I think what made the game not play the same is the difference in ground scales between the two systems. Arc of Fire has a stated ground scale of 1″ = 10m, to put that into perspective a grenade can be thrown 2″. The 2HW system doesn’t have a published ground scale but a grenade can be thrown a full 6″… As a result the man portable Anti Tank weapons in a 2HW sized table are much more effective, the BRDM2s didn’t stand a chance. Still it was a learning experience and it provided a good example of how not to do scenarios, that said I do think the scenario idea is still a good one so I will revisit it soon.

Anyway here a few pictures for your edification.

Germans in defence.

Germans in defence.

The attacking Soviets.

The attacking Soviets.

Infantry move up to deal with the defenders.

Infantry move up to deal with the defenders.

General shot of the table.

General shot of the table.

Now on to more successful endeavours: I mentioned in my previous post that we’d be having a Falklands Air War game, Bill turned up with his aircraft and I drafted some missile rules to go with them. As stated last time these are for the heavily modified rule set mainly developed by Evan, I tried to keep the rules simple but give a little flavour for the period, I’d like to think I achieved that as everyone seemed to be having fun as we got through several little air skirmishes in the evening.

A pair of Sea Harriers.

A pair of Sea Harriers.

A brace of Mirages.

A brace of Mirages.

Dogfight in the South Atlantic, Sea Harriers engage Skyhawks.

Dogfight in the South Atlantic, Sea Harriers engage Skyhawks.

Bill’s aircraft were very nicely painted- the bought them off a forum several years back he said.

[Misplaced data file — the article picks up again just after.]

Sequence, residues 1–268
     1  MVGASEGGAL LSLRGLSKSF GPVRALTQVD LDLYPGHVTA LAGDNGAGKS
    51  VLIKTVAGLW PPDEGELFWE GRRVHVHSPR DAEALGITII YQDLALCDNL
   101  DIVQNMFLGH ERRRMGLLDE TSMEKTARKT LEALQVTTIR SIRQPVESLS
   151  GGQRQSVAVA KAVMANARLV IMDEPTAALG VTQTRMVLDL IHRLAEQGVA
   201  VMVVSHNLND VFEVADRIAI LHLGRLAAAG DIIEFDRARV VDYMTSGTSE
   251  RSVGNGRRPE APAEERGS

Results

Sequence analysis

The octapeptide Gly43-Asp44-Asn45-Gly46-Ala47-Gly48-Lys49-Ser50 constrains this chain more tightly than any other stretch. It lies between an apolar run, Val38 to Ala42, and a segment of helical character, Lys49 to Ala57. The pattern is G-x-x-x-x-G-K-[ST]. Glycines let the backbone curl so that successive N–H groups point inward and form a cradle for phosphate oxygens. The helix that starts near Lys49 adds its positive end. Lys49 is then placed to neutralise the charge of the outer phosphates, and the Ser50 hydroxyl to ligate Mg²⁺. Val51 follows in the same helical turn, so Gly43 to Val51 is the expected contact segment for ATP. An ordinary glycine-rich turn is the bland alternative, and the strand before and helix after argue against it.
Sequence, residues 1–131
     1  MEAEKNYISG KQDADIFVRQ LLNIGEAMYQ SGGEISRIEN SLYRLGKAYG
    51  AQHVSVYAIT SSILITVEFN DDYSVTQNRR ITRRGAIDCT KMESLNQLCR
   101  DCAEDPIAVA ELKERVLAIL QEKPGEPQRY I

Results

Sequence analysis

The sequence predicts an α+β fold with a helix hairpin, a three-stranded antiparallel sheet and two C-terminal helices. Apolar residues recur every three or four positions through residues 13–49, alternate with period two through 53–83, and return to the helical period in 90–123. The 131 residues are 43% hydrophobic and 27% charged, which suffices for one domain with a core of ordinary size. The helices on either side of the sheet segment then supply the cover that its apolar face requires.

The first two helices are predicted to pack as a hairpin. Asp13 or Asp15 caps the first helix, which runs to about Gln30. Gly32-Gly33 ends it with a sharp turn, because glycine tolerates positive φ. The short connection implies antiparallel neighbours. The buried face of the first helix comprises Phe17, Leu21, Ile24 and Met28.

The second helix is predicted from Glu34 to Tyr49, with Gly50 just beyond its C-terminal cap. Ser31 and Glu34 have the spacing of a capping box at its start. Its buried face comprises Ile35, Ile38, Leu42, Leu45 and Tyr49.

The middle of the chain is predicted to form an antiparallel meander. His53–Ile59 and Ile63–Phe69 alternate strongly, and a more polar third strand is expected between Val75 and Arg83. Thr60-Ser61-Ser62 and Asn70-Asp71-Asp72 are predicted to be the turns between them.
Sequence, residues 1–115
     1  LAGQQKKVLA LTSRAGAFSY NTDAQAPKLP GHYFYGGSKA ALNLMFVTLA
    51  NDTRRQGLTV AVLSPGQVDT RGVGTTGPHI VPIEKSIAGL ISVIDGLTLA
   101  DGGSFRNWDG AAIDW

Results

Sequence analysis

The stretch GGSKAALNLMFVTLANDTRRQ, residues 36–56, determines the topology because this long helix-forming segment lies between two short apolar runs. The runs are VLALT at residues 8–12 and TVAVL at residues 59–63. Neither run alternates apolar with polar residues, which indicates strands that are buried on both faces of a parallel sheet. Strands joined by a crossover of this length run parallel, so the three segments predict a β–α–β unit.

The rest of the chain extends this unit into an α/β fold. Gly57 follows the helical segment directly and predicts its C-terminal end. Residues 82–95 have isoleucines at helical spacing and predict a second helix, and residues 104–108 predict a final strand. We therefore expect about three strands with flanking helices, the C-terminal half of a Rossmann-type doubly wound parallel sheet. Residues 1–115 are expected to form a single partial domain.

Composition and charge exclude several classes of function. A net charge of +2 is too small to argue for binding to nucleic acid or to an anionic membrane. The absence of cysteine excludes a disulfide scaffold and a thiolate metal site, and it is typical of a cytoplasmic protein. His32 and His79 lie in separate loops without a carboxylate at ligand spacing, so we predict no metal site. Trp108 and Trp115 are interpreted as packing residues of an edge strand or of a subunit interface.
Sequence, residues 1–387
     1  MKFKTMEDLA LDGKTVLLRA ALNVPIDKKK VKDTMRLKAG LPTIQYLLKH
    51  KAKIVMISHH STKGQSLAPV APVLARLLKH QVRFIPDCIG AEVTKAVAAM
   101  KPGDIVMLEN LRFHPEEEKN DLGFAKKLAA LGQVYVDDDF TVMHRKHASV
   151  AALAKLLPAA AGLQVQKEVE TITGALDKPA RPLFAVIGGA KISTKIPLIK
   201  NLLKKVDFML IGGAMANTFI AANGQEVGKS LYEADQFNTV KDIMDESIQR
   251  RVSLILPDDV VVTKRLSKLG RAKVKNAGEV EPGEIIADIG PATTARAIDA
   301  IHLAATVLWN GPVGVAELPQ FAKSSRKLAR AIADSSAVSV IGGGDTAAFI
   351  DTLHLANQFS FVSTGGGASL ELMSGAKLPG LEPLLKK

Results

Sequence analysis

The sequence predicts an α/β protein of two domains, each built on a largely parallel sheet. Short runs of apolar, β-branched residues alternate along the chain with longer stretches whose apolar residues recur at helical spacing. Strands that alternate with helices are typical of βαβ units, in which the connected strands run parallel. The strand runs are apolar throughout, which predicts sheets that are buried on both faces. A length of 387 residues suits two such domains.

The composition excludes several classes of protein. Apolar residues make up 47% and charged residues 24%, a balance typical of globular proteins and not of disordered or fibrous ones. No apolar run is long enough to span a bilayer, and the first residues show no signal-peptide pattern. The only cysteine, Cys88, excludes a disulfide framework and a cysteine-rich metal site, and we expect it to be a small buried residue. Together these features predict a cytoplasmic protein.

As the missile rules worked so well, I’ll be painting up my Vietnam aircraft soon to get a few games out of them, though I’ve the odd idea to look at the Cenepa War of 1995….

Evan’s latest addition to the air combat system is to bring in rules to ‘jump’ out of the sun on to unsuspecting aircraft, we had another test of these this Tuesday gone. B26 Marauders, escorted by P40s were jumped by a mixed attacking group of Bf109s and Me110s. Much fast paced action was played out of the table top with successive flights of aircraft trying to get the advantage over the other.

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I think we’ve got the rules pretty much nailed down now, so we can expand on the different theatres we cover, Evan was last seen ordering flights of B17s so hopefully we’ll have some daylight raids over the Reich soon… however I think next weeeks game will be back to 20mm.

Cheers,

Pete.

Tuesday night Air War.

For the past two Tuesdays Evan and I have been indulging in some 1/600th air war action.

From a starter set of Korean rules I picked up years ago Evan has done a lot of work expanding upon the initial basic set, completely rewriting the gunnery side of the combat and adding various morale rules. He has been wanting to test out a couple of rules that he has come up with. Firstly clouds- he made up loads of extra flying stands and nice fluffy white clouds out of felted teddy bear stuffing; also ‘bouncing’ enemy aircraft by appearing out of the sun- a kind of ambush in the sky if you will.